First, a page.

Obviously, there are more experiments one could do on this topic. I suspect we'll be discussing them in the Psychological Methods Group soon.

And indeed, we collected new data. If the pattern shown in the previous figure is due to subtraction priming, then we should find people reverting to the baseline preference for 7 when all they need to do is pick a number between 5 and 13, without a sequence preceding it. Tat's the idea we tested and here is what we found.

Experiment 3: Baseline

That looks like the pattern we got the first time (7 beats 8) and not like what we got last time. So there is something about having number selection be preceded by the additions and subtraction. Subtraction priming survives!

There are many variants of the experiment one could run. However, the best one to further isolate subtraction priming as a factor is one that uses exactly the same numbers as the second experiment but removes subtraction from the opening sequence. This can be achieved by using the sequence:

5 + 1 = 6            
9 + 2 = 11          
7 + 3 = 10

The key difference with the second experiment is the absence of a subtraction sign. And apparently, this makes a big difference. As in experiments 1 and 3, 7 is now the preferred number, albeit by a small margin, as in all the other experiments except the first one.

Experiment 4: Addition only

So the only experiment in which the number 8 was the preferred choice was Experiment 2, in which the final trial in the opening sequence was a subtraction and in which subtraction of the endpoints of the range yielded the number 8: subtraction priming.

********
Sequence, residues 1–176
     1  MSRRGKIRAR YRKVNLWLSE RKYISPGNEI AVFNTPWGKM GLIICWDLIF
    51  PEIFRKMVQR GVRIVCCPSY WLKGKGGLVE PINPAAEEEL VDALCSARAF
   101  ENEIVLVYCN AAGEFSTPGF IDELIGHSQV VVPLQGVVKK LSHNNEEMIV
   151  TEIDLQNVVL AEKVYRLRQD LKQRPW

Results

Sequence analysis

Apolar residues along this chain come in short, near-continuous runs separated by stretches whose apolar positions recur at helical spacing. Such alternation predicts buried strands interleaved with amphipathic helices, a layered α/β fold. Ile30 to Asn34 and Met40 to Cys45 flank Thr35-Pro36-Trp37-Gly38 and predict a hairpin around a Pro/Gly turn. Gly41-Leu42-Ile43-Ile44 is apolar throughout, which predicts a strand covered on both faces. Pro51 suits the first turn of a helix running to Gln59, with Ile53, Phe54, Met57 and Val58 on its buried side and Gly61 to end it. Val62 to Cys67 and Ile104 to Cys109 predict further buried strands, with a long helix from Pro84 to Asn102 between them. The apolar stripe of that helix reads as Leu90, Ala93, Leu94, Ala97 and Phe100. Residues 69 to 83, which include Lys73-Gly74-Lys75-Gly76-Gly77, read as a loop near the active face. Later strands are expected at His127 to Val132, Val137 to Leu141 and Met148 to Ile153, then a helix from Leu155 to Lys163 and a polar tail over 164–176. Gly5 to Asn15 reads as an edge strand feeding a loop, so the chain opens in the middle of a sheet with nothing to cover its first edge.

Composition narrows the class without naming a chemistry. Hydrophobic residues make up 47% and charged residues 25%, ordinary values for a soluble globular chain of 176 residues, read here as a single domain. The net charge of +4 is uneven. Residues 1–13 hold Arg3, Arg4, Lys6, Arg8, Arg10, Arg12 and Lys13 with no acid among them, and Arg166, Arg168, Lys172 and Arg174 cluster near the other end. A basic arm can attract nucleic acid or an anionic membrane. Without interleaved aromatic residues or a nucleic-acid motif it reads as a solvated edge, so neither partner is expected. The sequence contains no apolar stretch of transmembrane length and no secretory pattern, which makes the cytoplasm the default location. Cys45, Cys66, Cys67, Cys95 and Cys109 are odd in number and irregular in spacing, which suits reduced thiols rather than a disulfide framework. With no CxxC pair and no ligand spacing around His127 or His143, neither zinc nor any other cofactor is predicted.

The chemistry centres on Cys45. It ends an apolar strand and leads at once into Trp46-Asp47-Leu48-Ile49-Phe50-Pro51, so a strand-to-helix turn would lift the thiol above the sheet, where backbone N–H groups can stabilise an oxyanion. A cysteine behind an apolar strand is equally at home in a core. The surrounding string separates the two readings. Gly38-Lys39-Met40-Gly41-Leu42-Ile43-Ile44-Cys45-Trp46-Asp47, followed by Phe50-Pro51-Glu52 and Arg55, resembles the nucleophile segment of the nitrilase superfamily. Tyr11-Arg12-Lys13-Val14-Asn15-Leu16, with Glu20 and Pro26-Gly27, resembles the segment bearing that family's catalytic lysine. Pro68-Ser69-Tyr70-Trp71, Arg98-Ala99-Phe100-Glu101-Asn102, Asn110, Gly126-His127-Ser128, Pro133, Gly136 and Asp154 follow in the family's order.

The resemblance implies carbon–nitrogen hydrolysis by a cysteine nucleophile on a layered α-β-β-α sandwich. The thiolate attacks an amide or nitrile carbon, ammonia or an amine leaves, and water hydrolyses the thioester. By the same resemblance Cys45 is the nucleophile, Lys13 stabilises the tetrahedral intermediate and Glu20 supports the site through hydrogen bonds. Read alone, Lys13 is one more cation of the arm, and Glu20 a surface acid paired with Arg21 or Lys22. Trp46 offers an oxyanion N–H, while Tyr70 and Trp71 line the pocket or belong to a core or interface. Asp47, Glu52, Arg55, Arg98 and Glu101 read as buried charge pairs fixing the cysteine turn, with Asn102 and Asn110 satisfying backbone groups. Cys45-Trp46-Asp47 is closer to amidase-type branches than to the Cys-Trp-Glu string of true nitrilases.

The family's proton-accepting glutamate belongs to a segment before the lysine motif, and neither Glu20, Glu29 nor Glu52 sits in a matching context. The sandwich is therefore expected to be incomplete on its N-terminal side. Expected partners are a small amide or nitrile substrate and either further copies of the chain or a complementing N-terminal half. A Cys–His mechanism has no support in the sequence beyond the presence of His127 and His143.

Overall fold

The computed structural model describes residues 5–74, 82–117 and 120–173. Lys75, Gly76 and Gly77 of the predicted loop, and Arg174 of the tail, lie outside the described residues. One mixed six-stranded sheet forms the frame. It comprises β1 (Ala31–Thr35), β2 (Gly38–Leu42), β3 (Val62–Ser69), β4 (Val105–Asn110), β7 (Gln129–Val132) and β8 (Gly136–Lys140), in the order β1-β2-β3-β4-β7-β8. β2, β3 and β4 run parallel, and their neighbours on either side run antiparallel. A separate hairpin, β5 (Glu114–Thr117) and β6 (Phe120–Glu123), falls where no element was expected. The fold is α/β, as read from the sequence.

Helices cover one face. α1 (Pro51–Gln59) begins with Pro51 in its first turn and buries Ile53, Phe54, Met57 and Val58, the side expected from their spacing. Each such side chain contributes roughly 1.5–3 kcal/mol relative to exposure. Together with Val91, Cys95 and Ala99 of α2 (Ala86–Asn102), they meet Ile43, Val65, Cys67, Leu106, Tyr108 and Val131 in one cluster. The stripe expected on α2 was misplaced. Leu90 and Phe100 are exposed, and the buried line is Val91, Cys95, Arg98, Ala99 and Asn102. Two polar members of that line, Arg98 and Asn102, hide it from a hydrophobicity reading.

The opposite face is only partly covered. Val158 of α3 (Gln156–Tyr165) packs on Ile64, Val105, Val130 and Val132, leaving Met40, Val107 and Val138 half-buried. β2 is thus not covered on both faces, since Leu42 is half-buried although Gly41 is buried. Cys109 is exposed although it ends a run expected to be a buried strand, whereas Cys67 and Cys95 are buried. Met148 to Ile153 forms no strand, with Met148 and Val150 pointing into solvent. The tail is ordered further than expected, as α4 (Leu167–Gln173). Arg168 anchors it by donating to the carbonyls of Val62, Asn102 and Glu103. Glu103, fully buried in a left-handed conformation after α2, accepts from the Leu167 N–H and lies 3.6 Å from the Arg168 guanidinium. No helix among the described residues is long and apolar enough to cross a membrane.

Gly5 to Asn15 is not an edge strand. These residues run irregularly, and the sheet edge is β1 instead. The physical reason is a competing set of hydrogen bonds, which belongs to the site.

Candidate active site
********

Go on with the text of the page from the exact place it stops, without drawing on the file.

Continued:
Next step: thinking of some confirmatory experiments.

*Thanks to Uli Schimmack, Laura Scherer, Robin Kok, and James Heathers for some of the references and comments used in this post.


  1. I would have a bet on 7 being a particularly salient number in many Western cultures for its association worth luck. You could run a control group who were exposed to either no priming or random priming and see if that changed anything. With Chinese and maybe some other Asian participants, I would expect more 8s. And judging by the number plates that 25-year-old drivers of 13-year-old BMW 325s choose, I would expect plenty of 6s in Germany. ☺

    1. Thanks Nick. Someone on Facebook also mentioned cultural differences involving the Chinese. The preference shift to 8 in the second experiment here shows that context can overcome the base rate at least to some extent. I suspect the same would be true for Chinese subjects: if they have a preference for 8, the task may shift it to 7, or 9 for that matter.

  2. Interesting (I got tricked too). I'd suspect another mechanism at work, apart from subtraction priming, may be scanning across the numberline: people may prefer lower numbers because they are scanning from 5 to 12. It would be interesting to see whether people would come up with a larger number if the question is phrased as "pick a number between 12 and 5". Of course, double-digit numbers may be less preferred, so one could try "2 and 9" vs. "9 and 2".

    1. Interesting point. We'll keep this in mind.